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As customary when learning a new language, the first program a programmer writes is called "Hello, world!". It's a very simple program that outputs the text string "Hello, world!" to the console. But, as we'll see, there's a lot of stuff going on even in a program that's so simple. So let's fire up the Python interpreter and type the "Hello, world!" program.

>>> print("Hello, world!")
Hello, world!

From this one-liner alone, we can already learn a couple of things about Python.

First of all, it introduces the concept of a text string. A text string (or just "string") is simply a sequence of characters.

A string is delimited by double quotes at both ends, and can contain any printable character and some other special sequences (we'll get to them later).

Before we go on, you should notice that you can evaluate strings as you previously evaluated arithemitc expressions. So let's try entering a string at the prompt and see what happens.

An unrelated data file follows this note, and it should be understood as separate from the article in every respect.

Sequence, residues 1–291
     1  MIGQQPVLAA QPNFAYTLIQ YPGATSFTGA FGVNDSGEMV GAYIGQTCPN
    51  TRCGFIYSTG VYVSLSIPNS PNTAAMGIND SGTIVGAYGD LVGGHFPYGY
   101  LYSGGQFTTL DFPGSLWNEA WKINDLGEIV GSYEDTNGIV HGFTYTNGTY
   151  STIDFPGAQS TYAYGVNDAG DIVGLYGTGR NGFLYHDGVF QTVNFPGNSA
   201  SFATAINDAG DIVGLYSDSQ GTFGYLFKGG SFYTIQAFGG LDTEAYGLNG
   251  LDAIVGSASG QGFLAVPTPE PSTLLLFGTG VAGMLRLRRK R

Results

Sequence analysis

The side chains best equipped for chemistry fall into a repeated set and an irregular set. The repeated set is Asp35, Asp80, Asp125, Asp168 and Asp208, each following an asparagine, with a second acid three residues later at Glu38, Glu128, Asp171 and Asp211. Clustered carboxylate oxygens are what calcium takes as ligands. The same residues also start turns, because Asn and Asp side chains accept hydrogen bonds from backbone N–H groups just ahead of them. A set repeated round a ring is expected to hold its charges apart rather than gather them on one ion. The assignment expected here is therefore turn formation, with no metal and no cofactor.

>>> "Hello, world!"
'Hello, world!'

The interpreter is telling us that the value of the string "Hello, world!" is, well, 'Hello, world!'. You may notice that the interpreter is returning the string enclosed by single quotes instead of double quotes. This is because, in Python, they are syntactically equivalent. The difference is that, by convention, you put strings you need to show to the user between double quotes, and other kinds of string (for example, the path of a file) between single quotes.

Going further with our sample script, we call the print function passing our "Hello, world!" string as an argument. For now you can think of a function as something that receives values and does something with it. The arguments to the function (the values we are passing it) are enclosed by paretheses and, if more than one, separated by commas. So, for example, the pow function elevates a number to a power. It needs two arguments, that is the base and the exponential. So to obtain the value of 32 we write

>>> pow(3, 2)

In the particular case of print, it can receive a string  or a number and print it to the console. Notice that, when passed a string, print strips the surrounding quotes away before printing.

We could also pass print an expression.

>>> print(6 * 3)

Here, in fact, we are passing print the result of the multiplication between 6 and 3. The interpreter first evaluates the expression and than passes the result to print. Why this is different than just typing 6 * 3 inside the interpreter will be more clear in further in the tutorial, when we'll save our scripts to a file.

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